Shoji Tabuchi and daughter Christina Lingo-Tabuchi are making a return performance to Miami after entertaining a sell out crowd at the Coleman during the Christmas season last year.

MIAMI – It takes a world-class showman to fill the Coleman Theatre, and talented Branson performer Shoji Tabuchi is returning at 7 p.m. on Aug. 16 to bring down the house once again.

Shoji Tabuchi and daughter Christina Lingo-Tabuchi are making a return performance to Miami after entertaining a sell out crowd at the Coleman during the Christmas season last year.

The father and daughter multi-talented musicians will perform in an all-new family-friendly show with wife and mother Dorothy Tabuchi as the executive producer of the musical variety show which features country, classic, pop, polka, rock, big band, gospel and patriotic music.

"We are so honored to have Shoji back at the Coleman Theatre," said Shannon Duhon, managing director of the Coleman Theatre. "His December show sold out and we expect the same thing to happen for this show. Get your tickets as quick as you can!"

The Tabuchis were rehearsing for their summer tour line up when they paused for an interview.

“We're wrapping up rehearsals and then we're packing up and heading out tomorrow to our first venue," Christina said.

The Tabuchis' first show at the Coleman Theatre last year during the Christmas season completely filled the seats.

“We were really excited about that,” Christina said.

“The theater was beautiful. They took me on a tour, and I went and saw every room, and it was exciting. It's a beautiful theater,” Shoji said.

The Tabuchis’ own Branson Theater was partially destroyed in a fire and has been closed for a time.

“We had a fire last year at the end of May, and it's been a long process, but we are in fire restoration right now, so in the meantime, we have still been touring and performing,” Christina said. “The show that everyone will be seeing in Miami is a new show from what they would see in Branson and the Christmas show. This is an entirely different show, this is a regular season show.”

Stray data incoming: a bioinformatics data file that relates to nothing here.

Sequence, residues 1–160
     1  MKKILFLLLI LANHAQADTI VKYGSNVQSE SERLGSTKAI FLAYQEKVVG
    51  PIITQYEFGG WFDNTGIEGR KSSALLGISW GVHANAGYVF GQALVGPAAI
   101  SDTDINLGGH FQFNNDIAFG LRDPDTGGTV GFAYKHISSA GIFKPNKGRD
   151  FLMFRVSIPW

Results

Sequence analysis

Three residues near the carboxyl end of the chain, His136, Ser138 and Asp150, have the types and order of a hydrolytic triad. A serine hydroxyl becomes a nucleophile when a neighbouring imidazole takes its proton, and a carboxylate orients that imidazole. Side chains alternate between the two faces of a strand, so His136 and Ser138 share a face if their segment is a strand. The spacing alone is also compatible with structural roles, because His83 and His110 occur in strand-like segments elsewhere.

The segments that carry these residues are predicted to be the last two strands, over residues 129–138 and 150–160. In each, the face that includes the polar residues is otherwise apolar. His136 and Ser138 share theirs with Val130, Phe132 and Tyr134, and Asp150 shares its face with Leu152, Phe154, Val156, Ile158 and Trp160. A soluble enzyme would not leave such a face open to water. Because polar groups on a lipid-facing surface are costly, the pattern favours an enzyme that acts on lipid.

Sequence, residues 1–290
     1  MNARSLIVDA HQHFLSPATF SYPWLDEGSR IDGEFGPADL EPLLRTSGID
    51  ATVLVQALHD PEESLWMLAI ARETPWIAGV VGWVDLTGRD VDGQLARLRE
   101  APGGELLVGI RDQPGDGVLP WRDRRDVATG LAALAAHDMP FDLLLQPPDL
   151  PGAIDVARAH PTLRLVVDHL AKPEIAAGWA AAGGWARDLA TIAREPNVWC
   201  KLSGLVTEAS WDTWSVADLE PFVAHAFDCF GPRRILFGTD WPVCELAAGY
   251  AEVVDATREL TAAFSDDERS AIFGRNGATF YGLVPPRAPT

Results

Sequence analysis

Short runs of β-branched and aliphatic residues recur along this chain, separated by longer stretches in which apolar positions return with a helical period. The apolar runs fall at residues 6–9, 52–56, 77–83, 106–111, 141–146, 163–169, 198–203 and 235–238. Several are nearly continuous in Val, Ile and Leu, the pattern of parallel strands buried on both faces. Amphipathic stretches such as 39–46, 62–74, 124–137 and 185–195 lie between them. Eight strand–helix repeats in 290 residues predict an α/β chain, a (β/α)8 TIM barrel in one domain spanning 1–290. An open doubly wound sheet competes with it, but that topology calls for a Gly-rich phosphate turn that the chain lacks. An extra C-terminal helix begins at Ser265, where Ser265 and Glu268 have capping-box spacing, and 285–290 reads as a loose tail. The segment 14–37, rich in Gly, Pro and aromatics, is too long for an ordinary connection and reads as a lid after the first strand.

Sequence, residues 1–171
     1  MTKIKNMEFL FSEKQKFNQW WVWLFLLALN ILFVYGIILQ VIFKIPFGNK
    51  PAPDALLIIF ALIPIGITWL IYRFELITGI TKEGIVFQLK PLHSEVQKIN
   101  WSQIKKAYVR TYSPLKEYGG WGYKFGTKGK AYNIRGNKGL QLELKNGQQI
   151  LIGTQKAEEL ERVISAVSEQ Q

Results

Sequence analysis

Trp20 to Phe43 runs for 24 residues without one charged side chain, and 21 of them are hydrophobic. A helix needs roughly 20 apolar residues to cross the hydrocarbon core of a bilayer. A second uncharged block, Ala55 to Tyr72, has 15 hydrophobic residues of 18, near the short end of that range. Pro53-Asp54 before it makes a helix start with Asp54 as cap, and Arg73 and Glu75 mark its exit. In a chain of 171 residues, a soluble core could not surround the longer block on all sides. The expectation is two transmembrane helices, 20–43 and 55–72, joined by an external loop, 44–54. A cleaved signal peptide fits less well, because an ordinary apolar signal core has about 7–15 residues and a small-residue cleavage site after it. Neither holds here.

“They will see different costumes and everything else," Shoji said.

Christina said the new show may hold a few favorites, but for those who have seen the Shoji Tabuchi show before they will experience a brand new spectacular variety show.

“There may be a few things the same, a few numbers, and of course Dad always plays his ‘Orange Blossom Special,’ 98 percent of the entire show will be something they did not get to see with the Christmas show,” Christina said. “With this show, we do span all the genres from Led Zeppelin to Polka, to Bob Wills to Carrie Underwood, to Bruno Mars, to patriotic and gospel, I mean there truly is the widest span of music for all ages to enjoy.”

Now 74, the beloved fiddler, Shoji Tabuchi, began playing the violin as a child in Ishikawa, Japan.

“I started when I was seven learning under the Suzuki Method. It’s a world-renowned teaching method,” Shoji said. “I had started as a freshman in college, and when the late, great, Mr. Roy Acuff from the Grand Ole Opry in Nashville, Tennessee came to Japan and played a concert. I went to see his concert and it just knocked me out!”

Acuff’s performance and a backstage meeting with Shoji helped to inspire the young fiddler to go on to pursue a musical career.

“I had an opportunity to meet Mr. Acuff and talk, and he said, ‘Boy, if you ever come to the U.S., look me up.’ So I had the dream of coming over to the U.S., and as soon as I graduated from college I jumped on the boat with my $500 violin to the U.S. My American dream came true,” Shoji said.